Posts Tagged ‘I know God Loves Laughter’

A Joyful Noise!

September 13, 2010

U.C.M. Newsletter of Joy, Humor, Laughter, and Inspiration

Editor: Rev. Doti Boon

Vol. 9 pg. 36 (09-09-10)


I know God loves laughter

          Last week’s service was a fun-packed time. Scout Bartlett was entertaining, humorous and very spiritual in his talk. The fun continued to be expressed in our community enjoyment of fantastic soul soothing food and joyous merriment.

          Having spent some months doing stand-up in San Francisco: yep, your Rev. Boon was a comedian for a short stint, I realize how important it is for people to have laughter in their heads and hearts.

          And, most importantly laughing at yourself dissolves most of the depression, anxiety and craziness in your present life.

          Rev. Corky Whitacre has the most contagious laugh. If you haven’t heard it – get one of our Sunday Celebration CDs and hear for yourself. It will make you smile, giggle a bit and finally guffaw – without knowing what was funny. Or better yet – have her repeat a joke in a crowd. Because, the sound of roaring laughter is far more contagious than any cough, sniffle, or sneeze. When laughter is shared, it binds our CCL family together and increases happiness and intimacy. In addition to the domino effect of joy and amusement, laughter also triggers healthy physical changes in the body.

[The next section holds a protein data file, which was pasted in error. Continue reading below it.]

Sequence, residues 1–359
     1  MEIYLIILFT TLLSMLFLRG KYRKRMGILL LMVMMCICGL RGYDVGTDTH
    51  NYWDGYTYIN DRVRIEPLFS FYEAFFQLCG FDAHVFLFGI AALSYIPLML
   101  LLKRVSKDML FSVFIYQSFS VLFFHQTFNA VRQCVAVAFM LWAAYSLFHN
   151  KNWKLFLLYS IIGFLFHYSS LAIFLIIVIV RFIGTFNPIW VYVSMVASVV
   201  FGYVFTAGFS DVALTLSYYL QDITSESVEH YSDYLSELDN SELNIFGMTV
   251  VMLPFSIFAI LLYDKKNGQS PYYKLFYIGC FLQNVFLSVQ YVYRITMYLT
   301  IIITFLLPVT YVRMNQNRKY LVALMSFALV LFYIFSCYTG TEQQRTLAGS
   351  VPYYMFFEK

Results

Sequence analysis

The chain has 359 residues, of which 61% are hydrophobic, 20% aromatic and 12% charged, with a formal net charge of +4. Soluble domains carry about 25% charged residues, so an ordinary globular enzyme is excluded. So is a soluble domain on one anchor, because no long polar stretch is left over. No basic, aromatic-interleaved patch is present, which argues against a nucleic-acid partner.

Humor and laughter strengthen immune systems, boost energy, diminish pain, and protect from the damaging effects of stress. Best of all, this medicine is fun, free, and easy to use.

 “Your sense of humor is one of the most powerful tools you have to make certain that your daily mood and emotional state support good health.”  Paul E. McGhee, Ph.D.

Laughter relaxes the whole body. A good, laugh relieves tension and stress, leaving your muscles relaxed for up to 45 minutes after.

Laughter boosts the immune system.  It increases immune cells and infection-fighting antibodies; improving resistance to disease.

Laughter triggers the release of endorphins; Endorphins promote an overall sense of well-being and can even temporarily relieve pain.

Laughter protects the heart. One recent study from the University of Texas found those who chuckled while watching a comedy increased the dilation of blood vessels by one-fifth for up to 24 hours; when they watched a serious documentary, arteries actually constricted by 18%. “When you’re happy, your body releases feel-good neurochemicals, which can have numerous favorable effects on the body.” David Katz, MD, Yale University School of Medicine.

Laughter and humor help you stay emotionally healthy

Humor helps you keep a positive, optimistic outlook through difficult situations, disappointments, and loss. Laughter gives you the courage and strength to find new sources of meaning and hope. In the most difficult of times, a laugh– a smile–makes you feel better.

The link between laughter and mental health

Laughter dissolves distressing emotions. You can’t feel anxious, angry, or sad when you’re laughing.

Laughter helps you relax and recharge. It reduces stress and increases energy; enables you to stay focused and accomplish more.

Humor shifts perspective, allows you to see situations in a less threatening light. A humorous perspective creates psychological distance, which can help you avoid feeling overwhelmed.